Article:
Available online at Ancestry, findmypast or The Genealogist and other collaborating web sites - index and enumerator book images. (Usually made available free).
Available online free at familysearch - indexed transcript [also available on CD]
If you can add to the information given above, including additional sources for 1851 census transcripts/indexes, please tell me.
Page updated January 2011
Make the most of the 1881 census CD
Now that the 1881 census is available online the following examples as to how to use the CD are less relevant - but still have some interest so have been retained.
The 1881 census CD is a wonderful source for the genealogist and local historian, but it has a number of limitations, and the following postings are designed to explain the limitations, teach a trick or two, and to show the wide range of activities that can be carried out. Most use the census returns for Tring as an example, but the techniques used are applicable for any place.
Limitations of the 1881 Census on CD
This describes some of the limitations inherent in the original census returns, and those which arise from the limitations of the CD and the viewer originally issued with it. A new viewer - with more powerful search facilities - is now available.
Making your own text data base
It is possible to copy all information for a small town or group of villages to a text file in your word processor and carry out more sophisticated searches. This shows how it can be done.
Where did your ancestors shop?
It is surprising how many people simply look up their ancestor in the index, and fail to look to see shat else is going on in the neighbourhood. This example uses the census to identify the principal businesses in the High Street, Tring.
Who left town and where did they go?
If you are trying to locate brothers and sisters of your ancestors a common problem is that they vanish from the records, and you have no idea where to look. Did they die young? Did the emigrate? Did they move to another part of the United Kingdom. The 1881 census CD makes it possible to find many such wanderers - the example listing people from Tring who were in Devon and Cornwall in the 1881 census.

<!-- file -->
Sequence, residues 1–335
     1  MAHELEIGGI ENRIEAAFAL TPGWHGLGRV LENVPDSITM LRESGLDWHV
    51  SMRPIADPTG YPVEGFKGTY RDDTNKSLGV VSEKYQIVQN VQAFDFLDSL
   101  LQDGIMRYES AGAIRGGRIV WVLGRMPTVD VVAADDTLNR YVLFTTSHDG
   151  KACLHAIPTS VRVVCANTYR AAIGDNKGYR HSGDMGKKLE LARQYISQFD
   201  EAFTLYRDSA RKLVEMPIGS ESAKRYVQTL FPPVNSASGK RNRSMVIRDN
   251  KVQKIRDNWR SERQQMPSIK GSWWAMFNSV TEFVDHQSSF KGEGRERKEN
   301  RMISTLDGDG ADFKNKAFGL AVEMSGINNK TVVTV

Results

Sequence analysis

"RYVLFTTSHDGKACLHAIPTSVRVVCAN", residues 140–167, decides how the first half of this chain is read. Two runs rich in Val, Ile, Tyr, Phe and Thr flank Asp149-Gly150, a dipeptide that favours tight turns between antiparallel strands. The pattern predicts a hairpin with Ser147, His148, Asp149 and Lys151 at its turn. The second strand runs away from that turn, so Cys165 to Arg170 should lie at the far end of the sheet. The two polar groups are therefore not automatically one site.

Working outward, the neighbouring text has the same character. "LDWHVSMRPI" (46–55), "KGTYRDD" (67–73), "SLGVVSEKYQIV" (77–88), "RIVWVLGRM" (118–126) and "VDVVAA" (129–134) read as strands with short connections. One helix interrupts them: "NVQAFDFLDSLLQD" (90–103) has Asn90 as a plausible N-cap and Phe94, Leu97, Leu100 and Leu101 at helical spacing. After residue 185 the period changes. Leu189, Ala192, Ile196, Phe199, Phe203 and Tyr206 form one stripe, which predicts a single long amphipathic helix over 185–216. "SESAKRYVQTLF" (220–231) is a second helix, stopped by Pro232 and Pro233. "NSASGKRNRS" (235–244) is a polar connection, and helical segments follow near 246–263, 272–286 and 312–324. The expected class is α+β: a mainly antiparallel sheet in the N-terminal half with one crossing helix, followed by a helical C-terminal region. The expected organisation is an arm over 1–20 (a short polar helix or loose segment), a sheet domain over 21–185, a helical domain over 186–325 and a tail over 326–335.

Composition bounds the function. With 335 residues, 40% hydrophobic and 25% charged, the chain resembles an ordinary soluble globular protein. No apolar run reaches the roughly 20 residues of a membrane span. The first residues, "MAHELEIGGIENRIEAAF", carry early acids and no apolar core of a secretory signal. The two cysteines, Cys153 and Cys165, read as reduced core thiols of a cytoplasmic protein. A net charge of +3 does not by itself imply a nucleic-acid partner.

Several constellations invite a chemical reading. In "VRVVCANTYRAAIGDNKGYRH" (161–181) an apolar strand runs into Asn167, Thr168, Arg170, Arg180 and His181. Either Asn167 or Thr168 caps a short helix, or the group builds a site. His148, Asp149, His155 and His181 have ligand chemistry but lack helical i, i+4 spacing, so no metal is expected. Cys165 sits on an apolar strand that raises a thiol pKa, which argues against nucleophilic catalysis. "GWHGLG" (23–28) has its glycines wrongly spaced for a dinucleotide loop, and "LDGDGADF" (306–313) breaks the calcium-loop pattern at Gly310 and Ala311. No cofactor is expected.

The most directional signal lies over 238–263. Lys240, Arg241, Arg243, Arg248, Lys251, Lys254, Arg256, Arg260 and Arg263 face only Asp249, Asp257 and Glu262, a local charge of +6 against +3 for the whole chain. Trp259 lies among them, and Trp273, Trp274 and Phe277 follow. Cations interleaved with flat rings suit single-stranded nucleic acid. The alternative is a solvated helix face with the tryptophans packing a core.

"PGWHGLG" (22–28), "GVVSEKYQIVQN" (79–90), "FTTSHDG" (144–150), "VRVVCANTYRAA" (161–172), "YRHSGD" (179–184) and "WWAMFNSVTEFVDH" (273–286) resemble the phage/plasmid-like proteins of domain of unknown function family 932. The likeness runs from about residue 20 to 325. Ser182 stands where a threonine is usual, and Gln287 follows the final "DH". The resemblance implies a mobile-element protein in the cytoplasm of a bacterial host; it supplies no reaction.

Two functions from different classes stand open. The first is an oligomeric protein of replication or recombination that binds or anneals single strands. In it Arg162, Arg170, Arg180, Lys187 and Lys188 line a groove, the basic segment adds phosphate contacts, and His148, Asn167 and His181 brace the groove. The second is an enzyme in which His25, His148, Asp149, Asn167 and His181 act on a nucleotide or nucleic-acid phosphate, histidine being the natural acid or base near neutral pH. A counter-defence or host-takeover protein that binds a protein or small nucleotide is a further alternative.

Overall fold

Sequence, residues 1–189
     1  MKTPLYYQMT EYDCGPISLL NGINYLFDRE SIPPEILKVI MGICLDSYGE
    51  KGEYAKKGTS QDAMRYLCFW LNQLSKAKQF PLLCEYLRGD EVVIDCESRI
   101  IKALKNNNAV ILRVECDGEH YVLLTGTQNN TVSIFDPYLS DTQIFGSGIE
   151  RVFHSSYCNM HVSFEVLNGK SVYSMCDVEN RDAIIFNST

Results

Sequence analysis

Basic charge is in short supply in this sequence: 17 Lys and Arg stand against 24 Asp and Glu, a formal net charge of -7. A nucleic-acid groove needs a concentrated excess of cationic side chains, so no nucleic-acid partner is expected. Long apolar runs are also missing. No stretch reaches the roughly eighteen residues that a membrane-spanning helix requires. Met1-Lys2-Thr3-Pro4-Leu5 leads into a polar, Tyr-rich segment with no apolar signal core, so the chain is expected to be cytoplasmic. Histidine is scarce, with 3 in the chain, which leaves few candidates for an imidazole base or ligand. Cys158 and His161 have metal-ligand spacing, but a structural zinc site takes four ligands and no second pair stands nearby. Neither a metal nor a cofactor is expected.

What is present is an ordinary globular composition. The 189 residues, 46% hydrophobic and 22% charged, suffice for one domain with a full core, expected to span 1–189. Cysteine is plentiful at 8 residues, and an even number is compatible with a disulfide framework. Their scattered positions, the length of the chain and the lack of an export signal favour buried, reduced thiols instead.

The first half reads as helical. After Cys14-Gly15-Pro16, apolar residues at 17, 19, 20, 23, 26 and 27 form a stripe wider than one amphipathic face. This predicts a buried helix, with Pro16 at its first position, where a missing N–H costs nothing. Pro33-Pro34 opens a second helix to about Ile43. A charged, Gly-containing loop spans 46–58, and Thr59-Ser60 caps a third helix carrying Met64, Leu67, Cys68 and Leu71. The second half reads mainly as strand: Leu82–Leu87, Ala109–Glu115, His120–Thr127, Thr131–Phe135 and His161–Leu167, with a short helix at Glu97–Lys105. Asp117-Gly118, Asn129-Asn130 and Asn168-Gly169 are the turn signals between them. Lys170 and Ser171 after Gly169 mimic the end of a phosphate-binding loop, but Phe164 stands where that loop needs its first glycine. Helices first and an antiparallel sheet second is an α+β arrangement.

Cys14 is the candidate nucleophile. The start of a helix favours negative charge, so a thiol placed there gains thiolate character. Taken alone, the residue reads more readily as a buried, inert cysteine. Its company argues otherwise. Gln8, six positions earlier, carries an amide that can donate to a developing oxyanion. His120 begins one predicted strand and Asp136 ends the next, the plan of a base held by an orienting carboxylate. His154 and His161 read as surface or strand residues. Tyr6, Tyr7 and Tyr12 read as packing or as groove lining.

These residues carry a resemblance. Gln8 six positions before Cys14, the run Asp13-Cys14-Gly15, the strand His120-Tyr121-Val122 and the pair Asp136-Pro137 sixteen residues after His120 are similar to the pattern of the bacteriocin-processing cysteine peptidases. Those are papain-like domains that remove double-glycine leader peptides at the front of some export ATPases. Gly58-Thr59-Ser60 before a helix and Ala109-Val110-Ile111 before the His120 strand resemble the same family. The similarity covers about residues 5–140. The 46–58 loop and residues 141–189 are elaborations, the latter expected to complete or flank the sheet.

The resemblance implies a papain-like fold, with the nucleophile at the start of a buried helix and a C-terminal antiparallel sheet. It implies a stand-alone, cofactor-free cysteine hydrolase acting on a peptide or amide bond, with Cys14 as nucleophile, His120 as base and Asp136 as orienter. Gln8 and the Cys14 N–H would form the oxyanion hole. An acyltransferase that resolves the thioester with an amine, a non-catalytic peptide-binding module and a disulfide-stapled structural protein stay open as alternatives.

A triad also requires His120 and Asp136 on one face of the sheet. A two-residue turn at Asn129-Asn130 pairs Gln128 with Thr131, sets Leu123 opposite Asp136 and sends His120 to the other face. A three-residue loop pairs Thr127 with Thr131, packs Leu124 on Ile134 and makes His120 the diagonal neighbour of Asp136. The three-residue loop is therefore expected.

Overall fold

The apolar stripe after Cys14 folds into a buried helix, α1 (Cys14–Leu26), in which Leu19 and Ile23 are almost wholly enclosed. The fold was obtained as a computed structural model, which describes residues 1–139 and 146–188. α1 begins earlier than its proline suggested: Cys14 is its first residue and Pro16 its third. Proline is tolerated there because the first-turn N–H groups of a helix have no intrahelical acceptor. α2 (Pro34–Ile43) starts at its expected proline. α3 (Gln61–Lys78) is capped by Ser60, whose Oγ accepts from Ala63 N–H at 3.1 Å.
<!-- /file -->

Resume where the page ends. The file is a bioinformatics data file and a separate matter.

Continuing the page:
Local Employers and Occupations
So you know what occupation your ancestor did - but can you get some idea about who his employer might be or who his colleagues were. This series of examples identifies the major employers in Tring, identified some of the common and less usual occupations in the area, and identifies some of the temporary workforce who were apparently involved in rebuilding the church.
Where Railway Employees lived
A study of where the railway workers at Tring Station (in the adjacent parish of Aldbury) lived - and where they came from. The example also identifies railway workers who had been born in Aldbury but who were now working in other parts of the country.
An update on Lucy Luck
I first investigated the life of Lucy Luck, a straw plaiter who was born in Tring before the 1881 census CD was available. The earlier posting left a number of questions unanswered. Using the 1881 census CD her brother George (whose given name was unknown) was located, together with two candidates for her sister Charlotte (whose married name was unknown). Two of the people she lodged with are also identified.
But where is "Doo Little"
One of the problems with the 1881 census is that you cannot search address fields. This example looks at how the location of a Hertfordshire place of birth noted in the London census can be tracked down.
Locating Census Addresses from Maps
The 1881 Census CD does not contain details of the census enumerator's route - and this series of examples shows how the route can be reconstructed and the location of the house found with the aid of online maps.
Links with China
A search for all people in Hertfordshire who had been born in China suggests that an agricultural labourer may have gone to China as a missionary.
Population Movements in Rural Hertfordshire
An examination of the Parish of Great Gaddesden - showing how many people had been born in the parish or within easy walking distance.
The new viewer (3.0) allows all fields, including occupation and address fields, to be searched. Examples of its use are given in:
The Red Lions
Hertfordshire Barge Builders
St Albans Prison Staff
Entertainers in Hertfordshire
Purchasing the CD
Page updated September 2007